The relative absence of Tiger swallowtails this year has been noted, and with peak blooming of Joe Pye weeds, the scattered few are clear evidence of this downward pattern in comparison to recent years. From caterpillars to honeybees, and butterflies (probably Japanese beetles also), there are cycles beyond my comprehension, so even with only a few swallowtails (below) there is little reason for concern. If there are few this summer, it is possible there will be more next year.
Until this week, there were few honeybees, which are now attracted to the full bloom of Mountain mint. Butterflies are drawn to Joe Pye, bees and wasps to Mountain mint, with limited crossover though they are in close proximity. In the absence of swallowtails, carpenter bees take full advantage to fill the void.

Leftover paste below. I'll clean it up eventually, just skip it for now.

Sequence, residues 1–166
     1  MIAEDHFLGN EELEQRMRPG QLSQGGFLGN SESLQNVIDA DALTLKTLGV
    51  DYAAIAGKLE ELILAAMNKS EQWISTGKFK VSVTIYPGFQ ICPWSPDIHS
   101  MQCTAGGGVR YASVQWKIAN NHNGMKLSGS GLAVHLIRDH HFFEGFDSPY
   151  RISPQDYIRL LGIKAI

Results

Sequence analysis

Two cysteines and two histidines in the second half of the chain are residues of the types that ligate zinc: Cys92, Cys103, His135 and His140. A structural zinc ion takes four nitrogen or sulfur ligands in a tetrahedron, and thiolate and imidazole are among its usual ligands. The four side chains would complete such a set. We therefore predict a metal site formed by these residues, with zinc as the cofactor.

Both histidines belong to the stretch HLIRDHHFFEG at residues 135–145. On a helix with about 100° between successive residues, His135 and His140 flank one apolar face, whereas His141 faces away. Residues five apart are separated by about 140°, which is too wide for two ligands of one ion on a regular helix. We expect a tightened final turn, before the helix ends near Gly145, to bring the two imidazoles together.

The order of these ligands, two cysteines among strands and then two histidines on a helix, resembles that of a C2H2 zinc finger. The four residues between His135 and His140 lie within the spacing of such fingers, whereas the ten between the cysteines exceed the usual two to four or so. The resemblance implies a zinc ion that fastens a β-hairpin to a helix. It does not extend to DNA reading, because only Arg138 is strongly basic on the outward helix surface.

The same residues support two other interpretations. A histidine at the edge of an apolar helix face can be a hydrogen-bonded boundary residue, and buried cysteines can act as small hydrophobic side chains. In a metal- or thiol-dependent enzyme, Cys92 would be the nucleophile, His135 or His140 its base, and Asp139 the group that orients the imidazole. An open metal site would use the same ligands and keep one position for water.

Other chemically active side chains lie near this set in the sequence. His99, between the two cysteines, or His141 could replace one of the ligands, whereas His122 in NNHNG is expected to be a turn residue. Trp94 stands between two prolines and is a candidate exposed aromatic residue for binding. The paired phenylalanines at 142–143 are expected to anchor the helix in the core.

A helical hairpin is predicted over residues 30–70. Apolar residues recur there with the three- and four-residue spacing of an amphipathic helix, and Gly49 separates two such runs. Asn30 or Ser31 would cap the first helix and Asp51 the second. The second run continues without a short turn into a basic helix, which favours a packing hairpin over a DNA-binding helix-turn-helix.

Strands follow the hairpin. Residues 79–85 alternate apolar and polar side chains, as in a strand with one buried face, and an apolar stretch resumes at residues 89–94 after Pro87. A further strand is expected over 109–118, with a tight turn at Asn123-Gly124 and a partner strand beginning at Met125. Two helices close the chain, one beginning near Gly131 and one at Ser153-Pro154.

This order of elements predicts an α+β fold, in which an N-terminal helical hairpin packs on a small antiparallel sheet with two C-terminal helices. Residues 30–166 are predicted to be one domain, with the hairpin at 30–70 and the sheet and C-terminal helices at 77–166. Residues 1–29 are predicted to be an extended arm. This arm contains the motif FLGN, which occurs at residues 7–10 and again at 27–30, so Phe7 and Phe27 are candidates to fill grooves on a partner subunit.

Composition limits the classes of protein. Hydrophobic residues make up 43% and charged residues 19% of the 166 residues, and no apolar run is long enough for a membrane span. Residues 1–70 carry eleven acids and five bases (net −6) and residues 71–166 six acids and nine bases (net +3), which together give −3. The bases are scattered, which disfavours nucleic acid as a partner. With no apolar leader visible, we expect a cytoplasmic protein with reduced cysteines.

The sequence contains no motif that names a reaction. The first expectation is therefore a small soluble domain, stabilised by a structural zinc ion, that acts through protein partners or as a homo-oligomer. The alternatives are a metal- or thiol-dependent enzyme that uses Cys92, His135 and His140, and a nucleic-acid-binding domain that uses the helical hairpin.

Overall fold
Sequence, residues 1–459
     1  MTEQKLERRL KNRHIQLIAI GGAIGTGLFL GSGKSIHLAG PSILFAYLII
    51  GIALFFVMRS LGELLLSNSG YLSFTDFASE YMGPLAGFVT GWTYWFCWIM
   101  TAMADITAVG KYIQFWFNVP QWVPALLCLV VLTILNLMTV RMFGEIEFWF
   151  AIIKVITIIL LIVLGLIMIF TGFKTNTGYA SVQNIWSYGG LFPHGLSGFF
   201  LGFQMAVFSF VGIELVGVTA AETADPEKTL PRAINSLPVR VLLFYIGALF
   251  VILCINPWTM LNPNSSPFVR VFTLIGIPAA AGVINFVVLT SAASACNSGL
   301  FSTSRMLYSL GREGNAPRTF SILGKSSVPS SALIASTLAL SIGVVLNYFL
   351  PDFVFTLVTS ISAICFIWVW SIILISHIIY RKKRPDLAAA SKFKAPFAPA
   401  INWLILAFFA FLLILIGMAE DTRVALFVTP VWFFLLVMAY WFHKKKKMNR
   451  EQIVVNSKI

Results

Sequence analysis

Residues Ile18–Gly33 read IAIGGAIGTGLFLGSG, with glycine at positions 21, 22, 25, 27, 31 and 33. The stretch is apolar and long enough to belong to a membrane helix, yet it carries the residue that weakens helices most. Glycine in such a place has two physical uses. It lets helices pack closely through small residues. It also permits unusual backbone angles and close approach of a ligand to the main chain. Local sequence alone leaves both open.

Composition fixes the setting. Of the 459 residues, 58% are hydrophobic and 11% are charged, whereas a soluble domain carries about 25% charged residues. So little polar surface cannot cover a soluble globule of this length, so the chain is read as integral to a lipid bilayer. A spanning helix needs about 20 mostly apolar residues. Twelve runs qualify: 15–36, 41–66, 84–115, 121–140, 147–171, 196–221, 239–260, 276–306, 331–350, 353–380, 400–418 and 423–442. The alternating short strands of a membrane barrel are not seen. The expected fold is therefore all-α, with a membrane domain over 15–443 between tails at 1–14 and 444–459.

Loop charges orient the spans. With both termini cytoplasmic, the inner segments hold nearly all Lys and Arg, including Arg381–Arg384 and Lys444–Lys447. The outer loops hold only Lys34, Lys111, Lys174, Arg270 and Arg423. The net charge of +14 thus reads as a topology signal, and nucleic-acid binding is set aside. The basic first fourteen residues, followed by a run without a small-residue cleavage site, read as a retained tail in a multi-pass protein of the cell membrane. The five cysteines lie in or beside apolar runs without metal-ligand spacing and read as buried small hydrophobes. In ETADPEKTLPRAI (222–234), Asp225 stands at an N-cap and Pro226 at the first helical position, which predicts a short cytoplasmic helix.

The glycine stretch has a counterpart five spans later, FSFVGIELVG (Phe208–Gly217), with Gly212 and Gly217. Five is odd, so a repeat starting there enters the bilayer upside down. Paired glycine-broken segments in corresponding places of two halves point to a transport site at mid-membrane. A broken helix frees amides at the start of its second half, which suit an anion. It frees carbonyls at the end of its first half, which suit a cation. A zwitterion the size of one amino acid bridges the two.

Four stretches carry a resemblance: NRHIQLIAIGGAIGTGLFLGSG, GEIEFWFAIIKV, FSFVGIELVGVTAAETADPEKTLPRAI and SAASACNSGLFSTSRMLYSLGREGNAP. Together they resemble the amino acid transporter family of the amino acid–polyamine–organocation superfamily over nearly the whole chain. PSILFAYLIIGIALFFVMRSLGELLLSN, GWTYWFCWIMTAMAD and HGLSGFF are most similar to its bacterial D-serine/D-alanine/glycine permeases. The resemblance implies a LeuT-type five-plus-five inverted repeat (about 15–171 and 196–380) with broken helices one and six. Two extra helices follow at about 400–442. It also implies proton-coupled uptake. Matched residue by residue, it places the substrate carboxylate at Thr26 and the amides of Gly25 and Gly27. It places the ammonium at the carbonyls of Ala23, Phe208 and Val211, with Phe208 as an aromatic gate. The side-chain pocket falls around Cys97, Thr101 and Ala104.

In bloom, the patch of Mountain mint encourages caution, with hundreds of stinging pollinators. But, my experience is that bees and wasps are too distracted in their frenzied feeding unless the gardener is foolishly intrusive. I’ve been stung a time or two.
Only occasional small butterflies and moths are attracted to several clumps of milkweed and coneflowers (above) in the garden, and surrounding an old farm pond on the neighboring property. Rarely are Monarchs (below) seen, but bees regularly harvest nectar, and the annual invasion of bright orange aphids has begun. I will watch to see if aphid eating beetles arrive soon, and if not, stems will be cut to the ground.
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We of course are getting different patterns. There are more bees, almost no skippers, and less flies most of the time. In the Los Angeles region, bees are scarce right now, and the flies are really icky in the neighborhood I am familiar with. . . . but it is Los Angeles after all.